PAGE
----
tommy davidson

@tommycat & @AndreaFeczko cruise to on ALL NEW episodes of #VacationCreation. (Photo Credit: Twitter.com)

*Beloved comedian Tommy Davidson is back with the second season of his adventure television series “Vacation Creation,” that will once again take him and new co-host, YouTube personality Andrea Feczko, to even more exotic locations that span the globe from Barcelona to Iceland.

Davidson rose to fame in the ’90s on the groundbreaking variety series, “In Living Color,” and has since guest starred on numerous top primetime shows and in a dozen hit films. But it’s Davidson’s hosting “Vacation Creation,” as it singles out families that are facing hardship and are in need of hope and much-needed time together, that is earning him thousands of new fans.

EUR/Electronic Urban Report correspondent Ny MaGee sat down with Mr. Davidson during Summer TCA, where we discussed a variety of topics, including this benevolent travel series, the comedians that make Tommy laugh, his accessories line and a possible reunion with the “In Living Color” cast.

Get the scoop below.

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in living color, vacation creation

Tommy Davidson attends the B. Riley & Co. 8th Annual “Big Fighters, Big Cause” Charity Boxing Night benefiting the Sugar Ray Leonard Foundation at the Loews Santa Monica Beach Hotel on May 24, 2017, in Santa Monica, California.
(Source: Matt Winkelmeyer/Getty Images North America/Zimbio)

Describe this second season for our readers and the creative process behind capturing the exotic locals you visit.

TD: I have to give the locations to the location team. They find the best places, Mykonos, Greece, Corsica, South of France, Venice, Rome, Madrid, Barcelona, England, all over Italy, Norway, Alaska for months. They always pick the best locations. They do excursions, which is, we take the families out to do activities in these places. So I’ve seen killers whales. I’ve swam with dolphins in Cartagena, Columbia. Zip-lined from one country to the other and it’s amazing. The most amazing thing about this show is it doesn’t really feel like a TV show. It feels more like being a member of clergy. Because every family that’s been on the show has gone through the worse tragedy. One little boy is dying and doesn’t know it. One little girl, we took her all over Norway and she was diagnosed with cancer on New Year’s and got through radiation and now is in remission. We took her on a trip with her family. That’s the kind of show it is.

How do you bring your unique style and humor to the gig?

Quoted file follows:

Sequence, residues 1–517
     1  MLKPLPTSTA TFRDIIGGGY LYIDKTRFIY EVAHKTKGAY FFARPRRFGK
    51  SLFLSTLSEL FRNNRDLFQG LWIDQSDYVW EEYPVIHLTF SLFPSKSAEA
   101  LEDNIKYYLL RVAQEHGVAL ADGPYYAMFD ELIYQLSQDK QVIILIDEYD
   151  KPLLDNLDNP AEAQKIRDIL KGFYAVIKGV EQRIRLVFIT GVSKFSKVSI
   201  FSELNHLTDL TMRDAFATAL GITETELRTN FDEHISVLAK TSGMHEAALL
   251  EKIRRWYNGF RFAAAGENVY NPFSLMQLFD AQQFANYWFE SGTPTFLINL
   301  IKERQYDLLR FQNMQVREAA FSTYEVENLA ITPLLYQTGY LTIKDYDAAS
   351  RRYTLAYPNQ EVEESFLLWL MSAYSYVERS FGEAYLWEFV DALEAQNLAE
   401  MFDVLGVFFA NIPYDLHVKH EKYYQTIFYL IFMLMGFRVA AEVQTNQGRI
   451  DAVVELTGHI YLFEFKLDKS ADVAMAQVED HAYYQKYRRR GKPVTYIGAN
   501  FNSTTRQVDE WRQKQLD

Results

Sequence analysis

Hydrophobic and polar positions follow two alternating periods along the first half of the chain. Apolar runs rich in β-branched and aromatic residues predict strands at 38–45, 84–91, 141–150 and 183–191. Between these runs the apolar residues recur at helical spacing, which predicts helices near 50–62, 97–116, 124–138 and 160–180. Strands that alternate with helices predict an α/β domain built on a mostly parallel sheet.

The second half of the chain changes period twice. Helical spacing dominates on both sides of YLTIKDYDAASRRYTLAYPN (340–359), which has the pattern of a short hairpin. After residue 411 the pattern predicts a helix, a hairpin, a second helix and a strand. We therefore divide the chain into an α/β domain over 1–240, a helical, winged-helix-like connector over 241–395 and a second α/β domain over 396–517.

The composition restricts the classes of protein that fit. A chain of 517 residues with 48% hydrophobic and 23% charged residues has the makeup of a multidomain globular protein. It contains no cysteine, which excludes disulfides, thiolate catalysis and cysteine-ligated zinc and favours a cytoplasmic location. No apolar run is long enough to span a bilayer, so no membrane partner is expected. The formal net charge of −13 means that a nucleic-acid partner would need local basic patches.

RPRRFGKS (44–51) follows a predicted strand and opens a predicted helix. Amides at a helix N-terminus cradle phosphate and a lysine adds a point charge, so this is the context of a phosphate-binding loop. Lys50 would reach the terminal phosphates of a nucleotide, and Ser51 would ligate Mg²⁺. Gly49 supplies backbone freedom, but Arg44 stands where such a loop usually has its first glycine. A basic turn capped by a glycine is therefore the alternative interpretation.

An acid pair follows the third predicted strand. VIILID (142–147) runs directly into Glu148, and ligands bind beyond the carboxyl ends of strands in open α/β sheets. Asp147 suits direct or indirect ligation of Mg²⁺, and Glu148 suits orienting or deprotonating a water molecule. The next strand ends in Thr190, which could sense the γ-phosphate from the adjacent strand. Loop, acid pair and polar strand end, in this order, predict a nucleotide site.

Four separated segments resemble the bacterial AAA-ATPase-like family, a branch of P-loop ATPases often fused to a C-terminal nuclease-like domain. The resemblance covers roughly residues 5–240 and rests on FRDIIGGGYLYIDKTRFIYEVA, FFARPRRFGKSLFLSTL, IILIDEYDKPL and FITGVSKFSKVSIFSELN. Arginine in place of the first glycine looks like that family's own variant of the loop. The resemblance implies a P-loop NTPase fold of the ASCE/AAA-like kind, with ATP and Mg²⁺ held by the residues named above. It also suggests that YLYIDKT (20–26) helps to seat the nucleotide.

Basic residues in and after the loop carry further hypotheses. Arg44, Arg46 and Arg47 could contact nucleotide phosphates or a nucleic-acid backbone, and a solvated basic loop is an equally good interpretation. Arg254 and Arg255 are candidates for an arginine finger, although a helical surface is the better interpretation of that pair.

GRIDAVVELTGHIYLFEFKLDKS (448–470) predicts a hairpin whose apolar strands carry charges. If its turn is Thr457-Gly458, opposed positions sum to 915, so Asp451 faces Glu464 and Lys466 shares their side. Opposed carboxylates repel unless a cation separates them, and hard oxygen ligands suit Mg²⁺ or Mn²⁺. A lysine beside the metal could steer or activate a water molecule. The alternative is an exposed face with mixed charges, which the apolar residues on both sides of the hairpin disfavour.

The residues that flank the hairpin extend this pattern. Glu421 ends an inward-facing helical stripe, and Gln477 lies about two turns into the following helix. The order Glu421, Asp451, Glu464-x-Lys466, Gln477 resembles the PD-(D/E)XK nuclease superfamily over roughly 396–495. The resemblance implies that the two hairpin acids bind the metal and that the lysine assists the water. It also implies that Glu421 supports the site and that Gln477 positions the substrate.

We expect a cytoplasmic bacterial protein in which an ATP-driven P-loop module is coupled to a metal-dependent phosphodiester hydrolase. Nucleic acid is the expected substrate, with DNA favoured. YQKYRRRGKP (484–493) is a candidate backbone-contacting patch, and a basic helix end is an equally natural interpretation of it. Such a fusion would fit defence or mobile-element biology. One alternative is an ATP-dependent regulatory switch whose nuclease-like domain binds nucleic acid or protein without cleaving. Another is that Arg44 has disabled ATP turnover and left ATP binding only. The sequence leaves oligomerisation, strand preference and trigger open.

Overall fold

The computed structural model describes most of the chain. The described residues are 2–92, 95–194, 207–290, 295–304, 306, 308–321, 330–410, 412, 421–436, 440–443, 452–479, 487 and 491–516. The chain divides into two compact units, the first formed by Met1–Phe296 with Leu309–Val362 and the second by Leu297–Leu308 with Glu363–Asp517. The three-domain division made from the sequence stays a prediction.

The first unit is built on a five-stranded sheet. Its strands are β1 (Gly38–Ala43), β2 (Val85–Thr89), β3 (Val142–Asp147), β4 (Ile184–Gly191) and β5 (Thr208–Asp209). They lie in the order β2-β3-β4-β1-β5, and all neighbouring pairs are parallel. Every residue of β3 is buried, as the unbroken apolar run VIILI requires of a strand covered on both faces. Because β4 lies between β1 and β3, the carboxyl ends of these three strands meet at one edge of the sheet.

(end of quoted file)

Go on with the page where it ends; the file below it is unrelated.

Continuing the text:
TD: I think it’s just my own experience in life, being from Washington, D.C. Being abandoned as an infant and all the stuff that I went through, and being in this crazy town for 30 years. I am ready to give whatever advice and love I have for people to hang on to life and be happy while they do it.

Which destination made the most lasting impression?

TD: Cartagena, Columbia. You know, you think of Columbia in the jungle somewhere with these cocaine lords, and Cartagena is in the Caribbean. Cartagena looks like Puerto Rico and feels like Puerto Rico or Cuba, where there’s this whole Afro-Latin vibe. These are the happiest most groovy people. We did a dance number from one of the local companies there that did modern dance mixed with old Yoruba, African, not a dry eye in there. Unbelievable. I have to go back there.

What’s the most profound thing you’re discovering about human nature as your visit theses families and set them up on dream vacations?

TD: Everybody wants the same things. Everybody wants decent food, clean water, education for their children, a decent job and people around them that love them. It is one of those things that is a fiber that goes through all of mankind. Going around the world doing military bases was different ‘cause it was supporting our servicemen and women around the globe, but I was seeing the world at the same time. Djibouti, Africa and it’s poverty, Egypt and it’s poverty, Korea, Japan, the Asias and Philippines and Singapore and Thailand and all these different places and watching the poverty. But they’re not like us. They’re not like the U.S. They don’t need what we need. They don’t need the SUV or an iPhone. So it’s possible to not do the paper chase to be (happy).

Have you discovered anything surprising about yourself along the way, conquered any fears?

TD: I discovered that I’m just as worldly as I thought. I am just as much a citizen of the world as anybody. I’m African-American but I’m an African man of the world, ‘cause we’re everywhere. I feel like I’m Obama and I ain’t got to tell anybody where I’m going.